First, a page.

• Gaines County has its first case of COVID-19

Gaines County Judge Tom Keyes said his adult daughter was the first confirmed positive COVID-19 case. He said she likely picked it up at an event in Lubbock. LINK to more

  • City of Lubbock confirmed two more cases in the afternoon and then two more cases again in the evening.

At this point, the total number of cases in Lubbock County was 14. LINK to more

  • Texas Tech orders staff to work from home except for certain critical personnel

Texas Tech said only critical personnel should be on campus. It was described as a Phase IV closed campus. LINK to more

March 25

  • The boys basketball tournament in Levelland, March 7, was described as a possible site where folks were exposed to COVID-19

None of the Hockley County cases were tied to the tournament, but some other West Texas cases might have been linked. LINK to more

  • Terry County confirms two new cases of COVID-19

The South Plains Public Health District confirmed two more cases of COVID-19, or coronavirus. LINK to more

  • Five more cases in Lubbock

As of March 25, 2020 at 1:00 p.m., the total number of cases in Lubbock County was 19. LINK to more

March 26

  • City of Lubbock confirms two cases of Coronavirus (COVID-19) are associated with Lubbock nursing facility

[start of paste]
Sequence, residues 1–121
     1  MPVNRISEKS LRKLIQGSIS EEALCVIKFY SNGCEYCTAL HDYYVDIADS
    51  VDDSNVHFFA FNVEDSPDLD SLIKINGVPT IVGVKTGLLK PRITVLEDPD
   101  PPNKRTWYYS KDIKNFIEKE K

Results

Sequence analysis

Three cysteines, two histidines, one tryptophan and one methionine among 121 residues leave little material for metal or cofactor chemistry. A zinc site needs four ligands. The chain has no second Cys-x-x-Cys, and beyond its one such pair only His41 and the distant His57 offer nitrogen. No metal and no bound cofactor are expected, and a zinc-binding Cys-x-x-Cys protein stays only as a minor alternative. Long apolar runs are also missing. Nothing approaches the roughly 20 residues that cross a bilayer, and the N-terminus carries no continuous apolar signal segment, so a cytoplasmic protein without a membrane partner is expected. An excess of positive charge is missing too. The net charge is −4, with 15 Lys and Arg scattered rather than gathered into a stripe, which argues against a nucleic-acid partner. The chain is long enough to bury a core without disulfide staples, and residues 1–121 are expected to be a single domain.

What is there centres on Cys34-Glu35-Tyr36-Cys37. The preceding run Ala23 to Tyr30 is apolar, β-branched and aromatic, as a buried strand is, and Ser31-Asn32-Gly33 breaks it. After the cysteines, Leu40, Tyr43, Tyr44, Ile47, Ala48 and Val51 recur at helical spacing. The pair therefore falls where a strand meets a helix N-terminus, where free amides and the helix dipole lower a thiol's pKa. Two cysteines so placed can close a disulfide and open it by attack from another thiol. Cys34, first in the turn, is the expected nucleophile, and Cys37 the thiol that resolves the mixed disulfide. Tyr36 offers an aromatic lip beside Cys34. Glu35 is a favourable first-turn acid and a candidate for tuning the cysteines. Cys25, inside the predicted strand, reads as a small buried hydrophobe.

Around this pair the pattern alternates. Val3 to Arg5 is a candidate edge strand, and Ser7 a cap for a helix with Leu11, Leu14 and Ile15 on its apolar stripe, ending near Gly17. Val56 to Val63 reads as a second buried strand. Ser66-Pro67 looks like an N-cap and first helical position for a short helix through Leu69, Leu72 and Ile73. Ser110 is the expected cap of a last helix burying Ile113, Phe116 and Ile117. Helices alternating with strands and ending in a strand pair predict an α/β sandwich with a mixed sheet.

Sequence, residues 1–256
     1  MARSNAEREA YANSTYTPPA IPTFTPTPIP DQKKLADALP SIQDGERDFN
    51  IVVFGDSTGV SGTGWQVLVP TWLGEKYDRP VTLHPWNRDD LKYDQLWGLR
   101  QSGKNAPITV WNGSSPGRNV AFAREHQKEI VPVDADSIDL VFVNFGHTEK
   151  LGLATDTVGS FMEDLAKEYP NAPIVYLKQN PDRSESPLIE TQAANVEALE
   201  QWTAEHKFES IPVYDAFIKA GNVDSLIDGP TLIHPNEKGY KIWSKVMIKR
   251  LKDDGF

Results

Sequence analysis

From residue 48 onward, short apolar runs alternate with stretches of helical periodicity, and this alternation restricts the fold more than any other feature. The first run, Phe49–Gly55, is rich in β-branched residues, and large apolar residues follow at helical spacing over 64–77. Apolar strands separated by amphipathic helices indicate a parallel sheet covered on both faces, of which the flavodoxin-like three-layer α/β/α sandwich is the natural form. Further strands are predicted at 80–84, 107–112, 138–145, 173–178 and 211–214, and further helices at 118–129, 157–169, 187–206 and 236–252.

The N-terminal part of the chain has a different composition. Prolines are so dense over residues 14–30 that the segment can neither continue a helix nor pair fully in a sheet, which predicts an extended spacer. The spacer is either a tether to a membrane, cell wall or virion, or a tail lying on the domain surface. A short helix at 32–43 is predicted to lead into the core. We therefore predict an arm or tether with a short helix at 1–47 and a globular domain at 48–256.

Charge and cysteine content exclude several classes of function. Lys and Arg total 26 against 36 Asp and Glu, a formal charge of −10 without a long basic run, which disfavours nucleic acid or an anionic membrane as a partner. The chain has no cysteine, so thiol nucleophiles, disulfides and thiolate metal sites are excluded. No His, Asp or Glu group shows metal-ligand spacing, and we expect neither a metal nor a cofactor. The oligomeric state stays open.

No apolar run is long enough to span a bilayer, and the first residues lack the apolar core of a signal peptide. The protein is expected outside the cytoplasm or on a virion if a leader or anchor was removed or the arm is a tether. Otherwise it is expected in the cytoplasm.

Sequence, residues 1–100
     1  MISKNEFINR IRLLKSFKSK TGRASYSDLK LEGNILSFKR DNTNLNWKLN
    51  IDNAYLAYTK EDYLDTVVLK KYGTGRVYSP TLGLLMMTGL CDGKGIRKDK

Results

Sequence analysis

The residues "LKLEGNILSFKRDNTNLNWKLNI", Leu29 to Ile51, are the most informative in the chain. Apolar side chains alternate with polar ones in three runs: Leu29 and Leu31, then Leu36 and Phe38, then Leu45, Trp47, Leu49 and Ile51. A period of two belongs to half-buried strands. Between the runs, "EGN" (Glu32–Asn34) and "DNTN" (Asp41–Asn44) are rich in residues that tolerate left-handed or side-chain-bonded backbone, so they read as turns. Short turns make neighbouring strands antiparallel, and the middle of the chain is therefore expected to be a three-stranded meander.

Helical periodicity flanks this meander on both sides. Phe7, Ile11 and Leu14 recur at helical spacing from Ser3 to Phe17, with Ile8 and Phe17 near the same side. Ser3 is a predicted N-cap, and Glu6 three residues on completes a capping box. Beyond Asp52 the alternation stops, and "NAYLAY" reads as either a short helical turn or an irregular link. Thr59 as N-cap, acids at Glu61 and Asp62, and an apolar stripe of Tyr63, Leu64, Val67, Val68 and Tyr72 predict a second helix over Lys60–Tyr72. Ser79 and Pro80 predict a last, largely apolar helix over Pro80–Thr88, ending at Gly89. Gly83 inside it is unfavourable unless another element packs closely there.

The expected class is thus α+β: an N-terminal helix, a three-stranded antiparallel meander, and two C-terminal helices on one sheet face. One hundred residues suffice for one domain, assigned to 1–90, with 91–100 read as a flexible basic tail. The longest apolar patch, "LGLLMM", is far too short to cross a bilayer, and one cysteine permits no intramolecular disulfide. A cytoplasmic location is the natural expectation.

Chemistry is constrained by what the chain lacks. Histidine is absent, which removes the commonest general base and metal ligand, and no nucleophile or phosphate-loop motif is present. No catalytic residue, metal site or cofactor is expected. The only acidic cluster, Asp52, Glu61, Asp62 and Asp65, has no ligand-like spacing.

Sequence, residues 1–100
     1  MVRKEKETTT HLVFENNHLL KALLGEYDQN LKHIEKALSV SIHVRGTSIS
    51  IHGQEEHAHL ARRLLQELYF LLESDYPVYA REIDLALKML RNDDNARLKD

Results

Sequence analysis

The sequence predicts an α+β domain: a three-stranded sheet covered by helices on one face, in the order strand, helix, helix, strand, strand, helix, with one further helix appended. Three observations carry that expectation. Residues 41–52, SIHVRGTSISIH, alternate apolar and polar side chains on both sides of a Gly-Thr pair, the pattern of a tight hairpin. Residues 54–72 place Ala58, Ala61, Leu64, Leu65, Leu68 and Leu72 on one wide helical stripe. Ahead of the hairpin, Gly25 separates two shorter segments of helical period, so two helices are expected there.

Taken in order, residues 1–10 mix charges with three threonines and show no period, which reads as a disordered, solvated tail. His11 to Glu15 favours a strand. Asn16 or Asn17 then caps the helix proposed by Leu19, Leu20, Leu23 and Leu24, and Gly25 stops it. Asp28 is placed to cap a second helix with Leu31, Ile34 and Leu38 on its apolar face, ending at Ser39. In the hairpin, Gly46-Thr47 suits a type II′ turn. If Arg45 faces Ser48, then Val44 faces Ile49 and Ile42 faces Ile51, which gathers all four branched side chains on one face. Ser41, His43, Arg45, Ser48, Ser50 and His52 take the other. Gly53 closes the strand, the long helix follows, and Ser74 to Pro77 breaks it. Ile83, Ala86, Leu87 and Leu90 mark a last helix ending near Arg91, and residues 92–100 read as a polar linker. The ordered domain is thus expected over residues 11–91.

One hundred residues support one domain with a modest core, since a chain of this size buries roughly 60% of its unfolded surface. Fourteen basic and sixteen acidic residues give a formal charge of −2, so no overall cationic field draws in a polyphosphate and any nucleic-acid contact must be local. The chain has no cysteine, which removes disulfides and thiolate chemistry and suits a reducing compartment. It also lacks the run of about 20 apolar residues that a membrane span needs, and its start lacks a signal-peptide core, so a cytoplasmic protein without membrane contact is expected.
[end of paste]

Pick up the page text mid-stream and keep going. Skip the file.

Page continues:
The city said two employees of Whisperwood Nursing & Rehabilitation Center, 5502 4th Street, tested positive for Coronavirus. LINK to more

  • South Plains Public Health District confirms 4th case of COVID-19 in Terry County

The South Plains Public Health District confirmed one more case of COVID-19, bringing the total to four in Terry County. LINK to more

  • First Dawson County COVID-19 case confirmed

The first case of COVID-19 was confirmed in Dawson County, according to the Lamesa Press-Reporter. LINK to more

  • Scurry County issues stay-at-home order to citizens amid COVID-19 outbreak

The order essentially states that residents are to stay in their homes except for a few activities, the county judge said. LINK to more

  • City of Lubbock reports four additional cases

The total number of cases in for Lubbock and Lubbock County was now 23. LINK to more

March 27

  • Lamb County officials confirm first case of COVID-19

County Judge Mike DeLoach announced the first local resident of Lamb County with confirmed case of COVID-19. LINK to more

  • Texas Tech to offer food & housing pro-rated refunds, honor graduates at a football game

In addition to food and housing credits, President Lawrence Schovanec also talked about the cancellation of in-person graduation ceremonies. LINK to more

  • Hockley County confirms 2 new cases of COVID-19

“As of this morning this brings the total number of confirmed cases for Hockley County to 7,” said Sharla Baldridge, Hockley County judge.


CLICK HERE for ongoing coverage of coronavirus — sometimes called COVID-19